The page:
Football Index operator BetIndex’s insolvency practitioner Begbies Traynor, has started processing consumer claims against the firm, which went into administration on March 26.
Begbies Traynor notified Football Index customers on Wednesday that it had started registering lawsuits against the insolvent company, and that impacted customers needed to fill out an online form.
Begbies Traynor is expected to carry out all statutory roles and responsibilities bound by the UK’s Insolvency Code of Ethics as BetIndex’s preferred practitioner, ensuring that all prospective claimants will file their claims.
All users, including those who self-excluded on Gamstop, have access to Football Index’s claims process.
“Submitting a claim does not mean that the claim is accepted; the validity of claims will be adjudicated upon in due course,” the practitioner stressed.
No indication of pay-out conditions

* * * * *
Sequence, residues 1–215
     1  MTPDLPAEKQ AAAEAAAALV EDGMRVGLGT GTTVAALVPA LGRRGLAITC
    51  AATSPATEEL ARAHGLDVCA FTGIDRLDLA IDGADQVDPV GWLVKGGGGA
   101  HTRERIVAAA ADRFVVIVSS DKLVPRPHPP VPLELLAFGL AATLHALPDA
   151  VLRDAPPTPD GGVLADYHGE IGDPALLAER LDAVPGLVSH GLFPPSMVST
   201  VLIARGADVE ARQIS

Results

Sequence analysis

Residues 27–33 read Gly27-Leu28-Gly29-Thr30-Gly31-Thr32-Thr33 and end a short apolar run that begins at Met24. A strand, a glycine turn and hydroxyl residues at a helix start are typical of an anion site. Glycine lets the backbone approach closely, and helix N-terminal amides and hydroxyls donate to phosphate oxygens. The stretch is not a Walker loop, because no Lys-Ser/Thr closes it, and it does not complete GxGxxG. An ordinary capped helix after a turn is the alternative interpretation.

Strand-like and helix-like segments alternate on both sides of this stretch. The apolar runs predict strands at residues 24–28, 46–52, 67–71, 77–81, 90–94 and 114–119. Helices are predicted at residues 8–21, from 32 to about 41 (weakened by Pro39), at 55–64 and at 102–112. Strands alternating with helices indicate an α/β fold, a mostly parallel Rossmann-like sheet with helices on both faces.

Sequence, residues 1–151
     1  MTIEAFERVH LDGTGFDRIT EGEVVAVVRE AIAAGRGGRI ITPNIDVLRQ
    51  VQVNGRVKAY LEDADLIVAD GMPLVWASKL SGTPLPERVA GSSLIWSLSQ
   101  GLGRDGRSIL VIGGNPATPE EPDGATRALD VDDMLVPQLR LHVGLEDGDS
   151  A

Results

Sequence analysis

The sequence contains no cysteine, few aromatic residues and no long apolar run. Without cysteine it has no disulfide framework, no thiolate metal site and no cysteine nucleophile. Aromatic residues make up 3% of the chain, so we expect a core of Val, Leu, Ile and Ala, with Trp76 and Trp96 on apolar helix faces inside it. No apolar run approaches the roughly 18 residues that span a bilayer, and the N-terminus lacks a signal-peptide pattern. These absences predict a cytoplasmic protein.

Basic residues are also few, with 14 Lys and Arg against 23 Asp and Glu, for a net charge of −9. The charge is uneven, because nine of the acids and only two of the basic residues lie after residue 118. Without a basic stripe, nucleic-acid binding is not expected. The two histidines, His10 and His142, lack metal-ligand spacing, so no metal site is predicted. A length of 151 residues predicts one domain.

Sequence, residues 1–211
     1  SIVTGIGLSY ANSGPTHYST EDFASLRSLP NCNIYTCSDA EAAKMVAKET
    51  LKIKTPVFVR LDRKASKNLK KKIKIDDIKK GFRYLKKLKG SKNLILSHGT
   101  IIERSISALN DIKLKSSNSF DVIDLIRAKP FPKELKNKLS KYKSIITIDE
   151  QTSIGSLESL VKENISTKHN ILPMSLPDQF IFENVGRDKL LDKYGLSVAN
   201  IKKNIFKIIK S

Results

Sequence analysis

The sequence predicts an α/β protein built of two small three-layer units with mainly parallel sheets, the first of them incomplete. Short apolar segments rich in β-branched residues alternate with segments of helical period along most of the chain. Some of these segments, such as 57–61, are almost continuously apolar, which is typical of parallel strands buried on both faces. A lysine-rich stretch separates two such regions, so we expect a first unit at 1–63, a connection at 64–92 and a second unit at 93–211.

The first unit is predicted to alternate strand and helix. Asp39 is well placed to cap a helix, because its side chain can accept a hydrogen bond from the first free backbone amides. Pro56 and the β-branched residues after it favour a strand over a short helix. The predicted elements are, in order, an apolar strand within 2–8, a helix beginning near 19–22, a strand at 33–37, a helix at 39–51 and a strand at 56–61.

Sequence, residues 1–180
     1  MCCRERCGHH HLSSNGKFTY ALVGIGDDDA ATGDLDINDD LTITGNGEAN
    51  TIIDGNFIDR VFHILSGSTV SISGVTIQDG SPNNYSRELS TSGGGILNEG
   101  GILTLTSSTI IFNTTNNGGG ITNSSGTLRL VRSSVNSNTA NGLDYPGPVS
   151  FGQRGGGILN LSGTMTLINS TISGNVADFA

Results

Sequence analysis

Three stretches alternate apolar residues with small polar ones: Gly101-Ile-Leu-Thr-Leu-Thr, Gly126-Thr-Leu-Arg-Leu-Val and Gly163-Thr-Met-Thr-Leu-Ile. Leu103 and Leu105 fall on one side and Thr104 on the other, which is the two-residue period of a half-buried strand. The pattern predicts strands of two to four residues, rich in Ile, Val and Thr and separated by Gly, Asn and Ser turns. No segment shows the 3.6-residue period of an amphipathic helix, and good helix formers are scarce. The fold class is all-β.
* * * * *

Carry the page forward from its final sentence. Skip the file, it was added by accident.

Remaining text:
Begbies Traynor did not include any further detail on how it will evaluate consumer cases or how it will determine payout conditions.
Following the price crash of the operator’s stock exchange in March, which saw consumers losing thousands of pounds of player prices, Football Index’s angry customers have protested that they are owed amounts of between £90-100 million in reimbursement.
Leigh Day, a London law firm representing clients, has started assessing legal action against the UK Gambling Commission (UKGC) for its incompetence in awarding Football Index its sports betting licence.
The All Party Parliamentary Group for Gambling Related Harm (GRH APPG) has continued to press for an unbiased investigation into the Football Index fiasco by the DCMS.
The Gambling Commission has been widely chastised for approving a firm that has been compared to a “Ponzi Scheme.”